Second-year neuroscience student Ananya Shankar, faced by the uncertainty of the COVID-19 pandemic, has had to travel multiple places along the West Coast in search of stability and a sense of home. (courtesy of Ananya Shankar)
The coronavirus pandemic has drastically upended life in the most unforeseeable ways. At UCLA, our community is remarkably united by similar feelings of loss, confusion and concern, but also by light, hope and the perspective that the pandemic has brought to the forefront. In “Columns From Quarantine,” Daily Bruin staffers and community submissions highlight the personal stories that mark this unprecedented moment. If you have a quarantine story to tell, you can submit it here or email [email protected].
I could not digest seeing everyone, international and local people alike, rush home while I sat on my bed alone, wondering, “What did a ‘stay at home’ order even mean to me if I didn’t have anywhere to call home?”
With a winter quarter final I knew nothing about due in 24 hours, I saw the world around me uproot. I had been down with the flu for more than a week, and things around the world changed faster than I could keep track. My fellow Overseas Citizen of India friends were getting ready to fly to India, while I staggered back to a crumbling sense of normalcy.
Being both an international student and an American citizen at UCLA has its perks, and I had spent my entire college life hearing about how lucky I was – but it surely seemed to not be in my favor when India decided to close its borders, not allowing non-Indian citizens to fly in. I was scared too, partly because I couldn’t wrap my head around the gravity of the situation and partly because any semblance of normalcy, which I gathered from being surrounded by friends and family, lay in a faraway future that I could not envision.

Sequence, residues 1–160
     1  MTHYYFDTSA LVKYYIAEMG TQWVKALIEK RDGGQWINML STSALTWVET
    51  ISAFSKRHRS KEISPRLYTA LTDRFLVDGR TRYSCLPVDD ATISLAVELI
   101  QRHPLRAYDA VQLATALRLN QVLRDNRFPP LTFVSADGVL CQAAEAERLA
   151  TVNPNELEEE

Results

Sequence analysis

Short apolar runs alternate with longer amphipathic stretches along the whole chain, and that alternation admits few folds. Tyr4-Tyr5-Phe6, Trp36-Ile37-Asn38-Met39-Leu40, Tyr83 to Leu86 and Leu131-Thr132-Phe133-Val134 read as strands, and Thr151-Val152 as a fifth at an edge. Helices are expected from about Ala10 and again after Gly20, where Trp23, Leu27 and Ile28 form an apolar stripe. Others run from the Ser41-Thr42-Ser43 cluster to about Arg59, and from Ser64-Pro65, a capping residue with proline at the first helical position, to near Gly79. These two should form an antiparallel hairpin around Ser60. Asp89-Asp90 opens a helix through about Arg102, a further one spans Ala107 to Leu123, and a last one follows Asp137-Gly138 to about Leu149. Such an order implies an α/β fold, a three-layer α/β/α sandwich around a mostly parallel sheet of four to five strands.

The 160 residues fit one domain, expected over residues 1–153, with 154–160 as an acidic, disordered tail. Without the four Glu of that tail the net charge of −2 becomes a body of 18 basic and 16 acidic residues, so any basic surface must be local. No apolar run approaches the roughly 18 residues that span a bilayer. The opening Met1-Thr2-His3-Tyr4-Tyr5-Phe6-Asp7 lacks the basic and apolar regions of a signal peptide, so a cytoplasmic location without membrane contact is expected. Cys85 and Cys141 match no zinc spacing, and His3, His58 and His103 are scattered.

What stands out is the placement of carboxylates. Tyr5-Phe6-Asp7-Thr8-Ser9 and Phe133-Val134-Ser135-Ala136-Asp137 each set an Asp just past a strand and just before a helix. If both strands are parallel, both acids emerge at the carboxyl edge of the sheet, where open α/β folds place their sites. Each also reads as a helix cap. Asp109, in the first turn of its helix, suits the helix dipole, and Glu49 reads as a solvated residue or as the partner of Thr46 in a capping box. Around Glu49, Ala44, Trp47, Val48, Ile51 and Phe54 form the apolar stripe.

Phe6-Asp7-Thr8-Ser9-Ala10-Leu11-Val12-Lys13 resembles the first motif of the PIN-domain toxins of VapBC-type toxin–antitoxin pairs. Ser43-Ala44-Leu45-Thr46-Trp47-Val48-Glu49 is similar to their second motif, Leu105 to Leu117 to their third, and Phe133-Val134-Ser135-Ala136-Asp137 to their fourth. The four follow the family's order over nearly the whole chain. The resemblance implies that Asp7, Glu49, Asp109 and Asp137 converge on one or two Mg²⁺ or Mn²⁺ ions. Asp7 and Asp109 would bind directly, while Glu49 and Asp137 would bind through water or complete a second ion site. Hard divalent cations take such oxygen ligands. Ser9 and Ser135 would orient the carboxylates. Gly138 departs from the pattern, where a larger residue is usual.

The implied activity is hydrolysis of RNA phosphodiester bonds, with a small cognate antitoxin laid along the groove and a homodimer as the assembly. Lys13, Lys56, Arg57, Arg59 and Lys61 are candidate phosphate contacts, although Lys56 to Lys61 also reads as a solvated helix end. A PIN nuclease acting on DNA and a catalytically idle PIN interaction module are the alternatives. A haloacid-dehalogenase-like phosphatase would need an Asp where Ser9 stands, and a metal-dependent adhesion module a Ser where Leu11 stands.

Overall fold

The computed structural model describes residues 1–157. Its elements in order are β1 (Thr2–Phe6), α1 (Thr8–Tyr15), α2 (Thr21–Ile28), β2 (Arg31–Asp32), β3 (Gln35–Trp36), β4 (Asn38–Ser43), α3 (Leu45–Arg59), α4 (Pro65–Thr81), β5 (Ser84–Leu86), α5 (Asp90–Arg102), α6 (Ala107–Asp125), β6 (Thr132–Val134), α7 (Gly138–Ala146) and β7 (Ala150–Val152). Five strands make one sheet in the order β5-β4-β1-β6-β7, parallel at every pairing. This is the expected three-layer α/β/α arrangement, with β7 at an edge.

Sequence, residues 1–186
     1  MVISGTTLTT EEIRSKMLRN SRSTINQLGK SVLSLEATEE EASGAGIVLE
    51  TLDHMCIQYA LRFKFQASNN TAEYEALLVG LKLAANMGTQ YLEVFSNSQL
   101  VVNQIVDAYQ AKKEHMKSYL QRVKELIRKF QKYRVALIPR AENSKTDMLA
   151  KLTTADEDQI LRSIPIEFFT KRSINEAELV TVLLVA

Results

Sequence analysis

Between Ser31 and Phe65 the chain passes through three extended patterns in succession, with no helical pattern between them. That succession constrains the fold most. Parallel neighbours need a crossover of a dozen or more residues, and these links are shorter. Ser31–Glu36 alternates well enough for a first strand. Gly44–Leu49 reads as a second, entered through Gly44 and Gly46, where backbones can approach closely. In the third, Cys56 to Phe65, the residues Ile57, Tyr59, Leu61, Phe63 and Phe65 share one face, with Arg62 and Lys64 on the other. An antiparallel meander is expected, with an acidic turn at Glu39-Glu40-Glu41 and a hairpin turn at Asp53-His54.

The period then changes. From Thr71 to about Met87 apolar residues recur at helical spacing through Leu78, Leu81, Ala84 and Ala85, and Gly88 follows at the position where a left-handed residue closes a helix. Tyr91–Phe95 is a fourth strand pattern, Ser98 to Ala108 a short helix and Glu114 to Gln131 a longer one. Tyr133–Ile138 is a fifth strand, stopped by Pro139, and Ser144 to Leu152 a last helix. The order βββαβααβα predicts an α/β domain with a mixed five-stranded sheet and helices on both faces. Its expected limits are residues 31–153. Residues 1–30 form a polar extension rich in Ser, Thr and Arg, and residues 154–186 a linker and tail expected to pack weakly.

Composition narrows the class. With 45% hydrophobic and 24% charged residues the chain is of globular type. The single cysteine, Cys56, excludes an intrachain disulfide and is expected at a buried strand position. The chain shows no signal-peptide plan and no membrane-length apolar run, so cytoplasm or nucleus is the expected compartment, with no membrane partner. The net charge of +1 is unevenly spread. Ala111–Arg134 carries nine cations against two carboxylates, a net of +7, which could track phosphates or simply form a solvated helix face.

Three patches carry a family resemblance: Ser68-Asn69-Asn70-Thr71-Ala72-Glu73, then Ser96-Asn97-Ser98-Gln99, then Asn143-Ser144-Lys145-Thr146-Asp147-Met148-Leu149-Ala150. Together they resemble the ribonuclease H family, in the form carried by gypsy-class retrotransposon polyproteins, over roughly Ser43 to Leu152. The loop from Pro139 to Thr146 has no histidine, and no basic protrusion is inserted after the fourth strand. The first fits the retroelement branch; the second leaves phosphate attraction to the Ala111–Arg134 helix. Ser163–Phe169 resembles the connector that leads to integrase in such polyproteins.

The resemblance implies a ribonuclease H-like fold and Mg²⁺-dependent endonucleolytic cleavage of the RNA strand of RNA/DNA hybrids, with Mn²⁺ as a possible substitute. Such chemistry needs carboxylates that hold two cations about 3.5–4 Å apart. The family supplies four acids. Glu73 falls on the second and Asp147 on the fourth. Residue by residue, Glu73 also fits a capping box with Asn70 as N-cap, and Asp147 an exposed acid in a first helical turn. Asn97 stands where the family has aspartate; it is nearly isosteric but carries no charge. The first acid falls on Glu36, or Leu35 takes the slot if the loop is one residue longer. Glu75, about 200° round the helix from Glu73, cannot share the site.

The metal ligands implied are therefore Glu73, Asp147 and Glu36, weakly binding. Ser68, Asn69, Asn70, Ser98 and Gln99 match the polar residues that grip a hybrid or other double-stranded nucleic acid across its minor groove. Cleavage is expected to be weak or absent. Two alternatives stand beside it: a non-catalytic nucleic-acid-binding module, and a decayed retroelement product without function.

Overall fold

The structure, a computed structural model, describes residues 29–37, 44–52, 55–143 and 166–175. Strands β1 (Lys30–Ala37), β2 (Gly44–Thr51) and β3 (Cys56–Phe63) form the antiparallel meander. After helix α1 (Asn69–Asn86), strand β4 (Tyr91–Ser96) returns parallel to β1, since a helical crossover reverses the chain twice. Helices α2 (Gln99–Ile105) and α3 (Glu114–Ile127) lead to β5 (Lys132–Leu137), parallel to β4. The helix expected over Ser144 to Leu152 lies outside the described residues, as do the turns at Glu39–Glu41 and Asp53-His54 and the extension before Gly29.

In a haste, I tried applying for an emergency visa to go back to India before the borders closed for Indian citizens, too. Twenty-two straight hours after a series of phone calls with my parents, the Indian Consulate, other OCI students who got their visas and the airlines to figure out tickets, I had to accept that nothing aligned to make this work for me. With angst, frustration and stress, I let that idea go to face my reality. I still had eight things on my to-do list to complete, but zero will to do any of it.
Hoping and wishing for the ban to be lifted so I could fly back soon, I was excited to enjoy quarantine as much as I could. My friends from San Diego opened their homes to me and let me enjoy life again. Through goofy TikToks, ridiculous TV shows, gossip sessions and hilarious cooking tries, we made quarantine much better than I could have imagined. I started talking to old friends in my free time and singing again. All the little things I have always enjoyed doing and never got the time to now excited me to wake up every day.